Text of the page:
In Philippians 4:14-17 the same thought essentially is presented. In verse 14 he said Philippi had sent to his "affliction." In verse 16 he called it his "necessity." Why all this? He "desired fruit" to their account. Verse17. The "fruit" here refers to the same thing as the "service" in 2 Corinthians 11:8, the preaching of the gospel. Here again, we have a physical want supplied in order that spiritual work might be accomplished. The churches provided physical things in order that spiritual work might be done.

2 Corinthians 8, 9 Summarized

The Jerusalem congregation had a need or a "want" occasioned by a famine. Such distress affected them at least two ways. They were destitute, hence unable to meet their own physical necessities and thus unable to accomplish the work the Lord had designed for the church to do. A congregation whose members are thus distressed most assuredly could not carry on its program of work. The object of the supply was that there might be equality. 2 Cor. 8:14. Equality involves the ability to give and to do one's own work. The relief sent certainly filled a physical want, but it enabled them to do their spiritual work. 2 Corinthians 9:10 says "Now he that ministereth seed to the sower both minister bread for your food, and multiply your seed sown, and increase the fruits of your righteousness." This supply would put them back on their feet again and enable them to do their work. Here again, physical things were provided in order that spiritual things might be accomplished. If this is not so, then what was the purpose of equality? This relief enabled them to do their work of preaching the gospel.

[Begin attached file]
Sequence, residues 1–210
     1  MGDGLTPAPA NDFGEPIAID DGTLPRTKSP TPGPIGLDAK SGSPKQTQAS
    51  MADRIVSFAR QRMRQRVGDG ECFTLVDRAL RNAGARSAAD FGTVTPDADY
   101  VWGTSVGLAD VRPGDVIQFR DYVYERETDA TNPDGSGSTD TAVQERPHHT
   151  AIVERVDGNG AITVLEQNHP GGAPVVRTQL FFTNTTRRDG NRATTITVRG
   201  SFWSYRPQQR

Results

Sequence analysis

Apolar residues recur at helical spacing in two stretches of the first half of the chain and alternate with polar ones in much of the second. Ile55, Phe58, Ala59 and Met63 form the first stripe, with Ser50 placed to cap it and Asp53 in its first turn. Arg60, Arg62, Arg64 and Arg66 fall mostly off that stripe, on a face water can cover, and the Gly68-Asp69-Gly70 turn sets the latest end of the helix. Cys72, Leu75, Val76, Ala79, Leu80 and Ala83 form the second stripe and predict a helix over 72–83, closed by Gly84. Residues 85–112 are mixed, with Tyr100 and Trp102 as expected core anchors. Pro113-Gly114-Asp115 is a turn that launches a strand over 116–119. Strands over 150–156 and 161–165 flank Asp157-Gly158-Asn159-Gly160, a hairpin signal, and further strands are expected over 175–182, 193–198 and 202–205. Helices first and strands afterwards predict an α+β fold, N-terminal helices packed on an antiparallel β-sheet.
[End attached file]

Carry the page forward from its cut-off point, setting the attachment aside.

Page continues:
The Miracles Of Christ

We might illustrate this by thinking of the miracle of healing the blind man in John 9. Nobody could deny that the miracle directly aided the blind man in that it enabled him to see, but it had a deeper significance. It established the deity of Jesus. That was the ultimate object of all his miracles. Surely there were physical results upon those affected, but John said "these are written that you might believe." John 20:30-31.

The Pattern

2 Corinthians 8 and 9 gives us the example of congregational cooperation. Churches with ability sent to a church in want (provided physical needs) that equality might exist. Inequality caused the church in need to be unable to meet its own physical needs and also to do its work of teaching. Physical things were provided that spiritual things might be accomplished. Even now, according to the pattern, a church which is unable to meet its physical needs may receive help from sister congregations that her work of preaching may be accomplished. This fits the pattern. Highland's work does not fit because it is not a church in want. It has the ability to give.

Let us study these matters seriously, prayerfully, dispassionately, that truth may prevail. If this does not set forth the truth, perhaps those wiser will respond and reveal the fallacy. Indeed, if there be fallacy here, I pray that someone will point it out.